Arclight and next-gen archives
Linked Data Platform
Portland Commons Data Model
IIIF Image and Presentation Specification
Fedora 4

code4lib 2015


450 people from around the world gathered in Portland Oregon last week for the 10th annual code4lib library technology conference.

On Monday, approximately 18 pre-conferences were held in half and and full day sessions mostly comprised of demos, tutorials and discussion groups. I attended a morning session on linked data lead by Tom Johnson of DPLA and Karen Estlund of the University of Oregon. As a developer, the demonstration of the ruby gem ActiveTriples was particularly interesting in its ability to quickly model content into RDF classes and properties that can seamlessly connect to fedora 4 persistence or any extensible back end.

In the afternoon I attended a GeoBlacklight demo lead by Jack Reed and Darren Hardy of Stanford. The Stanford GeoBlacklight is a leading map collection interface that allows for spacial search, presentation, and discovery based on the development of metadata schemas, conversion workflows, and interface presentation components. The workshop focused on using the VirtualBox virtual machine and Vagrant setup environment to bring up an instance of geoblacklight in minutes.

On Tuesday the conference proper started with a keynote by Selena Deckelman. Her talk focused on the importance of leading the coding community based on principles of inclusion of beginners and marginal groups. The presentations on Tuesday expanded on that theme with talks focused on users, teams, developers and experiences in dealing with library technology challenges.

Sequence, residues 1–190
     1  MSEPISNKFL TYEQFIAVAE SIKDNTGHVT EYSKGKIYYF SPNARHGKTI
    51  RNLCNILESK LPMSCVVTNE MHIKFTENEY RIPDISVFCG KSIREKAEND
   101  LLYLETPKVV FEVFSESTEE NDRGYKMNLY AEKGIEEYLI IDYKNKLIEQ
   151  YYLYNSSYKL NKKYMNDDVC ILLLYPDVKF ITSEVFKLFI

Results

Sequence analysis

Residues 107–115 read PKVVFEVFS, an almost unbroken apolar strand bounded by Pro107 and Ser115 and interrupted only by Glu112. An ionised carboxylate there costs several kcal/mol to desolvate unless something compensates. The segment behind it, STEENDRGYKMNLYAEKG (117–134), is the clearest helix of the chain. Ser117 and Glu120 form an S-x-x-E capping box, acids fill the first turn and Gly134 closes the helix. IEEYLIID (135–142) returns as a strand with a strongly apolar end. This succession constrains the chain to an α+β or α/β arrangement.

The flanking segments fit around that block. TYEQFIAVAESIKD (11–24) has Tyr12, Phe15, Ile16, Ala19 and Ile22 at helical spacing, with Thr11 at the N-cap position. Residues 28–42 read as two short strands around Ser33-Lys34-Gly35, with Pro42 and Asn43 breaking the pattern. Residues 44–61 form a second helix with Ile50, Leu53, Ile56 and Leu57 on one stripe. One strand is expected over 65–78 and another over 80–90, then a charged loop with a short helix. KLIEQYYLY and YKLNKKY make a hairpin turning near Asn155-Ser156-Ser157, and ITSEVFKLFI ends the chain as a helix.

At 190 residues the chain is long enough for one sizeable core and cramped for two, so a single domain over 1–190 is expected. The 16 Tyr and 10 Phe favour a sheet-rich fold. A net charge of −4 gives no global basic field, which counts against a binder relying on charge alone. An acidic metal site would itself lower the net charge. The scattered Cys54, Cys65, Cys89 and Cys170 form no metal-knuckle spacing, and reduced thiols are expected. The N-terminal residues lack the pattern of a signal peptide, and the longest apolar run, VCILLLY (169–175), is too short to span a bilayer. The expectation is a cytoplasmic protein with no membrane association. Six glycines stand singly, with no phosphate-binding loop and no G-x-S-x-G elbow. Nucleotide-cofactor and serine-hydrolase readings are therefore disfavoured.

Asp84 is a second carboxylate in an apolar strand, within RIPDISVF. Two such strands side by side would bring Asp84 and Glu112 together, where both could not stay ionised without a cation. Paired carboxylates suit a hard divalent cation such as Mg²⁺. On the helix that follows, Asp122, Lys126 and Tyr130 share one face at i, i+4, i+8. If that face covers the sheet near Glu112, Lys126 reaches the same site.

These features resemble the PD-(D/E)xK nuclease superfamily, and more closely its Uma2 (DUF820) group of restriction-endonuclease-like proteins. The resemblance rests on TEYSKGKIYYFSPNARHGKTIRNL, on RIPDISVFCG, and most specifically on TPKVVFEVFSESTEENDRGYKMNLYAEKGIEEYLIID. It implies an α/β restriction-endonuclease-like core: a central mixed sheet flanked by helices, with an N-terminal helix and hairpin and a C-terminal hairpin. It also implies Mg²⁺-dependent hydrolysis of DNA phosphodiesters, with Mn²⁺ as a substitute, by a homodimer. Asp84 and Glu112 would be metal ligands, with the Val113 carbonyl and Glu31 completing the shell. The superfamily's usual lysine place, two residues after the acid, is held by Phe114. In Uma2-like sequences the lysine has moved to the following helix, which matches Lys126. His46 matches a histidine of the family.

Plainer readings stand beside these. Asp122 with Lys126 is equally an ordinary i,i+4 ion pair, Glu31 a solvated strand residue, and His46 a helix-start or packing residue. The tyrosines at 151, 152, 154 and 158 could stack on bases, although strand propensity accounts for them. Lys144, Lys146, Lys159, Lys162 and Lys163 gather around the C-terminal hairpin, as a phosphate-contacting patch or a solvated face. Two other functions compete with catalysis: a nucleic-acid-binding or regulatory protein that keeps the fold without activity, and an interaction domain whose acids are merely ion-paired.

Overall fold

The presentations of Wednesday were more technically focused. Thursday morning a closing keynote was given by Andromeda Yelton who encouraged building systems with tools designed to best satisfy the “wanderlust” behind user’s and patrons’s drive to discovery. In between the 20 minute presentations were 2 hour long lighting talk session comprised of 5 minutes talks by 12 people. I thought the keynotes nicely framed the conference, the lightning talks were a great way to digest and get a pulse on what people were working on. As a developer I was particularly interested the the presentation of tools providing facility, such as Kevin Clarke’s presentation of Packer, a dev-opts tool for deploying to virtual machines, and Stanford’s OEmbed service for offering embeddable links to their digital collections, and a presentation by Stanford’s Rob Sanderson and Naomi Dushay describing the experience attempting to integrate their ILS, digital collections, and discovery indexes.

On Thursday afternoon and Friday, I attended working groups focused on fedora 4, hydra’s support of fedora 4, content modeling, and the linked data platform. The discussions were vigorous, and it was a beneficial mental exercise to spin out the various content model concepts of collection/work/file, the distinction between the “aggregates” and “members” predicate, and how to use the LDP Direct and Indirect Containers to deal with assets, rights, and ordering proxies, although I’m afraid not much was resolved. But DPLA (Digital Public Library of America) appears very interested in furthering these concepts into usable models that may promise to be a great step forward in furthering metadata discovery and interoperability.

All in all worthwhile, keeping an eye on next year’s conference, venue TBD.